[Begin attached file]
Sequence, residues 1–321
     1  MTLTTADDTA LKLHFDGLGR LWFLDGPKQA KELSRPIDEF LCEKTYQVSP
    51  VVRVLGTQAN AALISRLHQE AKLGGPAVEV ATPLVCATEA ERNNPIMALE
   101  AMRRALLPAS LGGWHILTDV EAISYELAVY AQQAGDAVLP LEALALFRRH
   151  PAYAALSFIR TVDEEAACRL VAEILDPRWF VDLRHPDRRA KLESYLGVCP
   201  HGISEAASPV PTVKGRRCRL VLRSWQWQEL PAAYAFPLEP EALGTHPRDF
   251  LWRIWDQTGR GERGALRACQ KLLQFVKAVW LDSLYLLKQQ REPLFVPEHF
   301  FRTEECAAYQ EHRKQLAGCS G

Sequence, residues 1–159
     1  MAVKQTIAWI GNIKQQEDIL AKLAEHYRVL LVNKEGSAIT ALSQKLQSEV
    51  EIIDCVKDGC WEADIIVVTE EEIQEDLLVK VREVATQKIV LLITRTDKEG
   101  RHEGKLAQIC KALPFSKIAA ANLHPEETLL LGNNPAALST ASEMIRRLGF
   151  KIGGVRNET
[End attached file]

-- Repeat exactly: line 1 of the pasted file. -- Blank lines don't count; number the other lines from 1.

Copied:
Sequence, residues 1–321